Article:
How is age-related macular degeneration diagnosed?
Your ophthalmologist will perform a complete examination to diagnose AMD. One of the most common early signs of AMD is the presence of drusen. Your doctor can see these during a routine eye exam. Often, an optical coherence tomography (OCT) picture will be taken. OCT shows how thick the retina is and can identify accumulated fluid from abnormal blood vessels. A new kind of OCT, “OCT angiography” can show some things a fluorescein angiogram (see below) can show but without the dye injection.
The doctor may order a fluorescein or indocyanine green angiogram to look for the abnormal blood vessels within or under the retina. During each of these procedures, dye is injected in the arm, and photographs (not X-rays) are taken from a special camera to track the movement of the dye as it reaches the eye, and to show any changes in the retina. If new vessels are leaking fluid or blood in the macula, the photographs show their location and type.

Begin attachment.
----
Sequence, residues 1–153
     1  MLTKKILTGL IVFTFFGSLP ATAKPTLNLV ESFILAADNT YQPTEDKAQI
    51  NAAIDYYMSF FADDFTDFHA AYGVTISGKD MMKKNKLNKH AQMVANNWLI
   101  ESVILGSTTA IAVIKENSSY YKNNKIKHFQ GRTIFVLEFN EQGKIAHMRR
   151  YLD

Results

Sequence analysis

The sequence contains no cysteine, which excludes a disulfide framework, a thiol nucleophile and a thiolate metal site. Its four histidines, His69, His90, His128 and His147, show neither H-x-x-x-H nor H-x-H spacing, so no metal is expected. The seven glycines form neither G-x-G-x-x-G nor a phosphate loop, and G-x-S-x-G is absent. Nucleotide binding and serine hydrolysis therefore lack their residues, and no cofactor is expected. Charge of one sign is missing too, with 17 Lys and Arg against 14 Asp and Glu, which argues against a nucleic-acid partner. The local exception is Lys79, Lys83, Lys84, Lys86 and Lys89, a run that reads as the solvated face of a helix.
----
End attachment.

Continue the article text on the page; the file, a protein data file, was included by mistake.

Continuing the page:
People with macular degeneration can check their own vision with a simple test called the Amsler grid. The Amsler grid is a pattern of straight lines that make perfect squares. The patient looks at a large dot in the middle of the grid and notices any areas where the lines look blurry, wavy or broken. If the grid lines seem to be more distorted than before, it might be a sign that the macular degeneration is getting worse and needs evaluation.
Early detection of AMD is very important because treatment can delay or reduce the severity of the disease.